Since I first started implementing all these changes, the way my skin looks has improved tremendously. I have many fewer spots, and those I do have are usually quite small, which is a welcome change as I used to suffer from cystic acne. But while my skin is much healthier than it used to be, it still isn't perfect. It still doesn't match the unrealistic ideals we are fed through advertisements, commercials, and social media posts on a daily basis, and it probably never will. This used to bother me, but somehow I've learned to accept it. I do think it would be very beneficial if we could come to see healthy skin as the goal, instead of viewing poreless, wrinkleless, porcelain-like skin as the ideal. Most women, even those genetically blessed with outstanding complexions, break out from time to time, yet that is never, ever shown in any media.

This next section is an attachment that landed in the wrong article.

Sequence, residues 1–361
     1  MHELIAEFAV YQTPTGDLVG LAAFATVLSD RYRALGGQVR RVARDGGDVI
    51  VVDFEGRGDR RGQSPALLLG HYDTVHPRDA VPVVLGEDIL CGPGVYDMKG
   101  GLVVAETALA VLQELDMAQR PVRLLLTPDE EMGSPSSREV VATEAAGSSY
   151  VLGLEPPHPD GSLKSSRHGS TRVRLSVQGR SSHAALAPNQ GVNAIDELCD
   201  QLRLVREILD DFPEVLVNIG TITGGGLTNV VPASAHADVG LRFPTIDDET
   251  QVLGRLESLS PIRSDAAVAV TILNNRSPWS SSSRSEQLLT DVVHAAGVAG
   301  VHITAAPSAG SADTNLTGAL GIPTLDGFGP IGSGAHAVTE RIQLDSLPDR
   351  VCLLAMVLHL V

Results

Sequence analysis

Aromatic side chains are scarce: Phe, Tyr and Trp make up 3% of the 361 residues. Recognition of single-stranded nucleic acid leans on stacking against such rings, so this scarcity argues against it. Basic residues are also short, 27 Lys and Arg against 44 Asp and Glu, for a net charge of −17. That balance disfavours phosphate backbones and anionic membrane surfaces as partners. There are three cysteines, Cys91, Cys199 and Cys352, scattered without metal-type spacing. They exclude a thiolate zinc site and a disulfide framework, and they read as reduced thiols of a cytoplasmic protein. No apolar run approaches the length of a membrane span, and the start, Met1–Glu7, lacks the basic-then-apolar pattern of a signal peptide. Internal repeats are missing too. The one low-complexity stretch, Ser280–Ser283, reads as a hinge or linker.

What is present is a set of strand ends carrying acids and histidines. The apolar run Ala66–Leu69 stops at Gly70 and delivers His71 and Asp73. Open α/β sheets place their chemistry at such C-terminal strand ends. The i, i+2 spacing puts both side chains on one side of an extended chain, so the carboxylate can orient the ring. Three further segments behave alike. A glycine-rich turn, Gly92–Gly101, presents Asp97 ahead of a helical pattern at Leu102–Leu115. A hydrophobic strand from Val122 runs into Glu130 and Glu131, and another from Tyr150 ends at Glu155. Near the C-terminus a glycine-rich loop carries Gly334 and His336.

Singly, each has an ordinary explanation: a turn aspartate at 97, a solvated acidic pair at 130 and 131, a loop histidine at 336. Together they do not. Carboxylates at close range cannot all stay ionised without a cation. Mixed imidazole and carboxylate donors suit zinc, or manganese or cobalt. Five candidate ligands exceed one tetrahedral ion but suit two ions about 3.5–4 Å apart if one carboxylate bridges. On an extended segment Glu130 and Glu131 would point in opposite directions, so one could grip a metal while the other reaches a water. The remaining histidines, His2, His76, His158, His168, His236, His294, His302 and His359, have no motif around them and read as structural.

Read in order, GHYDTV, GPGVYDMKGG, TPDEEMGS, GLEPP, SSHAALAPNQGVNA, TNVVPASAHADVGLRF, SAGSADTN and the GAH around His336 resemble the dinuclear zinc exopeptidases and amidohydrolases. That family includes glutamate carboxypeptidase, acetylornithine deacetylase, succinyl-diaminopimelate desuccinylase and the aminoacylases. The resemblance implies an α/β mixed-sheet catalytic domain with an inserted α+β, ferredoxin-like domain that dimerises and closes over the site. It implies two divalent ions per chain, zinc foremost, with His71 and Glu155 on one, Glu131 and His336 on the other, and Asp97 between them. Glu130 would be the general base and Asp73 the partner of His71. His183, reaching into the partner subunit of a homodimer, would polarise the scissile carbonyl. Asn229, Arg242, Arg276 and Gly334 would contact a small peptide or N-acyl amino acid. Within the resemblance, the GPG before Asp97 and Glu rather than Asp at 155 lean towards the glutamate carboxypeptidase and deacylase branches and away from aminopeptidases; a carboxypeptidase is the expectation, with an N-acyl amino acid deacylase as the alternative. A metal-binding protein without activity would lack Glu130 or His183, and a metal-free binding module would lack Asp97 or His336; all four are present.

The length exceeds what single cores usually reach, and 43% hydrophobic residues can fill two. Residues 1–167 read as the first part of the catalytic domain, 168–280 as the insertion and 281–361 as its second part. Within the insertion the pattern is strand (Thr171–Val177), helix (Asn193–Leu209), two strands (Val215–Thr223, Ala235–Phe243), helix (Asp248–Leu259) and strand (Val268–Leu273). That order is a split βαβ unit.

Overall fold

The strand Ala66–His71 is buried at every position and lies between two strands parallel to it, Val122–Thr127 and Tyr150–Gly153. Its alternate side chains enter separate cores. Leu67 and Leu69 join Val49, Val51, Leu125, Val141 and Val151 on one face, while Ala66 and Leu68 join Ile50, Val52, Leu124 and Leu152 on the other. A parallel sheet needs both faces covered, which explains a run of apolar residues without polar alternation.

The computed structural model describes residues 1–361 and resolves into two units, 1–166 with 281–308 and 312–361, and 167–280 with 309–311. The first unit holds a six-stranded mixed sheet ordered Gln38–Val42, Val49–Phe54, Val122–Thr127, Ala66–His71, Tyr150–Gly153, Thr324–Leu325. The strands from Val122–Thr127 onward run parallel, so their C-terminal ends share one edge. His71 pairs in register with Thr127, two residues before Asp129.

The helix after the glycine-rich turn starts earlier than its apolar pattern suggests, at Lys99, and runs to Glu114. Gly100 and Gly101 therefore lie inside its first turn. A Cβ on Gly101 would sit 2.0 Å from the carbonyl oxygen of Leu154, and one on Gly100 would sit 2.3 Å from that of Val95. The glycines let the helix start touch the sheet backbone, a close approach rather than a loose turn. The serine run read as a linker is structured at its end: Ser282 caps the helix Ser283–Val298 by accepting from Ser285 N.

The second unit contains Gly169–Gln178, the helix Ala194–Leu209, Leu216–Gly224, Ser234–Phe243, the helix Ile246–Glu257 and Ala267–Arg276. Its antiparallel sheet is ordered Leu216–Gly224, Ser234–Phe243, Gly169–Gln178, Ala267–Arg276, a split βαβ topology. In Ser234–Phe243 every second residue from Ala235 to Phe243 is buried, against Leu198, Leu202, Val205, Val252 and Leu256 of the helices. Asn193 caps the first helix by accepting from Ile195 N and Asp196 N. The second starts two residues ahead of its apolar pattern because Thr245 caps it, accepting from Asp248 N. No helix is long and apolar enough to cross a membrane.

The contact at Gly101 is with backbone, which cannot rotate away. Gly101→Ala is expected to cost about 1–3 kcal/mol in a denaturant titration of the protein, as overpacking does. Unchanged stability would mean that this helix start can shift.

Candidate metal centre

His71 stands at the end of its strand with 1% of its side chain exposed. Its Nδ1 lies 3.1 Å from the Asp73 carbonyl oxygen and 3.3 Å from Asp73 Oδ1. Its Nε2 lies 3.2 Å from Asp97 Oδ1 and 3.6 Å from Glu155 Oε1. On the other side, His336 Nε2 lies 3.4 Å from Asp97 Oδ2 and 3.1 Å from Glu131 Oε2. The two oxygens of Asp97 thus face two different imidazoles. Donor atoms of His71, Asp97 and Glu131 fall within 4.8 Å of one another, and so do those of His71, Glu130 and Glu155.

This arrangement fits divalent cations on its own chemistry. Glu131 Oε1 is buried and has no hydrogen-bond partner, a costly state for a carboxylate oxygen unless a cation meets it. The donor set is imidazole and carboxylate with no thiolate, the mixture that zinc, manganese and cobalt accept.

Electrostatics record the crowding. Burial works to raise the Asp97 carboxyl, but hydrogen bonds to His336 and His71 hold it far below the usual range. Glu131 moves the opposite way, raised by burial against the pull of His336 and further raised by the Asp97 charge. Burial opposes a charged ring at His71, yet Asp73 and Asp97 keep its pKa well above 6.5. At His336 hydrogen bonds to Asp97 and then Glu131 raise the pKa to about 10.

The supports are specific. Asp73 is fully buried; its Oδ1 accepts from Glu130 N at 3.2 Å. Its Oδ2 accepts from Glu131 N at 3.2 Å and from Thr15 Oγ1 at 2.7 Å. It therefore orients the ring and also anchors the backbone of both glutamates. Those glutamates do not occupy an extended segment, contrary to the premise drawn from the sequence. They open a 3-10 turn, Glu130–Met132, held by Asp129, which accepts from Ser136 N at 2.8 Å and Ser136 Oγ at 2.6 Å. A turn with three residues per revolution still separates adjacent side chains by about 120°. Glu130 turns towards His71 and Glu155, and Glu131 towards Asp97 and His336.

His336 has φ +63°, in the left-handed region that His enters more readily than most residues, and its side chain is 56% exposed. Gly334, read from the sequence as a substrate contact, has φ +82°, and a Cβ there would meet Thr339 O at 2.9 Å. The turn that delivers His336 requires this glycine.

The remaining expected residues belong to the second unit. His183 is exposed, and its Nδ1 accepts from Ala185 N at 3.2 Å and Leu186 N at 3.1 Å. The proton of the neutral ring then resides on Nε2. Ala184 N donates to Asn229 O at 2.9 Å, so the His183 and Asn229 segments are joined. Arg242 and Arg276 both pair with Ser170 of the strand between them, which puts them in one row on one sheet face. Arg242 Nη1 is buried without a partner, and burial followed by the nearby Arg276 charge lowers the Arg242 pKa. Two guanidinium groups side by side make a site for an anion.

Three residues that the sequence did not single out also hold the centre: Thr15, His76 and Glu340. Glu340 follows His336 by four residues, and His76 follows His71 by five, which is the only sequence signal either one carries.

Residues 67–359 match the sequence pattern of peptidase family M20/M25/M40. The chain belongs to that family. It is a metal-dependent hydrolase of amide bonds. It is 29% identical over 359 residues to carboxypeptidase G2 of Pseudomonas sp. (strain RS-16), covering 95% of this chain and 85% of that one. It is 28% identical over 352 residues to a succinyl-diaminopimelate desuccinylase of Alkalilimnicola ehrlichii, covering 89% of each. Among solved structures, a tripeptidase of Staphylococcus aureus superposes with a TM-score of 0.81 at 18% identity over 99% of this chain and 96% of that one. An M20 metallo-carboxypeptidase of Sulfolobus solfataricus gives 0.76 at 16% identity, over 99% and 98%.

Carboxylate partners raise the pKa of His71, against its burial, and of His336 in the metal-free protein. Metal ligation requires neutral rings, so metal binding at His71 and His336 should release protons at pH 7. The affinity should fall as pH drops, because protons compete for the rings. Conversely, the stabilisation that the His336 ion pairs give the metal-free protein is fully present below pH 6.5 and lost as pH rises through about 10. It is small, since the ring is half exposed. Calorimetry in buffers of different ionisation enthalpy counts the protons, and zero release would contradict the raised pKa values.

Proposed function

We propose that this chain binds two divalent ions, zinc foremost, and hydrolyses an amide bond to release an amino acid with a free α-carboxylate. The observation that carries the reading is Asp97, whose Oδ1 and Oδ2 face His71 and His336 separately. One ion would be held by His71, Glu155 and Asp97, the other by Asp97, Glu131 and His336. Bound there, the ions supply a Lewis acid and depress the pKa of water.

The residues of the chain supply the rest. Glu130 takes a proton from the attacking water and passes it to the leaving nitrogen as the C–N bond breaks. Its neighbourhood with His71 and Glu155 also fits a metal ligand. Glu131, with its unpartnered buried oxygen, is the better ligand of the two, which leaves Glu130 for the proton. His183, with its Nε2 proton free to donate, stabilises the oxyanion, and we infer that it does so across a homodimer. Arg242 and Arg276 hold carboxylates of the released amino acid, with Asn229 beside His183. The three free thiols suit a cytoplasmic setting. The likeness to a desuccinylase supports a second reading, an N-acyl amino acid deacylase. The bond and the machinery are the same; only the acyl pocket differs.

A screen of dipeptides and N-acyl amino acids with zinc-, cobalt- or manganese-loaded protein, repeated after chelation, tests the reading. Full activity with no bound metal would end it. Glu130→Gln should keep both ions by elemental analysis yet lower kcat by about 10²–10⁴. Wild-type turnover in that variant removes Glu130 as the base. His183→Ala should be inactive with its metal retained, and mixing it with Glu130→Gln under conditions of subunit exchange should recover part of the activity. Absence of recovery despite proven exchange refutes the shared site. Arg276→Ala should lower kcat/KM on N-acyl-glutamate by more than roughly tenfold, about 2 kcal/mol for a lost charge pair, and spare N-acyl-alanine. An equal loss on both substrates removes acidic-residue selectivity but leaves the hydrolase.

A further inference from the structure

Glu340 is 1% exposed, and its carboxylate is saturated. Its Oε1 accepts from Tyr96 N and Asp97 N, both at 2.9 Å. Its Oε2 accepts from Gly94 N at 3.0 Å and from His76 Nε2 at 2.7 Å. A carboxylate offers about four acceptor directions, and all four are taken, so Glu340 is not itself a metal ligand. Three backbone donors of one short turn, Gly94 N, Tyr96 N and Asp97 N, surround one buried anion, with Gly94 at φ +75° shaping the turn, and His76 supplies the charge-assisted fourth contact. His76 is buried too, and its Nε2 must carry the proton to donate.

I also find it interesting that spots are seen as "blemishes": While they are definitely not enjoyable, I do have to acknowledge how much I have learned thanks to these red dots on my face. My body seems to work in such ways that any imbalance will show up as a spot. It is both frustrating and incredibly helpful, as it makes it impossible for me to overlook it when something is off balance. While subtler signals might go unnoticed, or be easy to ignore, these warning signs are so obvious that it forces me to pay attention. Without these persistent red dots, I probably would have never embarked on the healing journey that ended up improving my health and teaching me how to listen to my own body.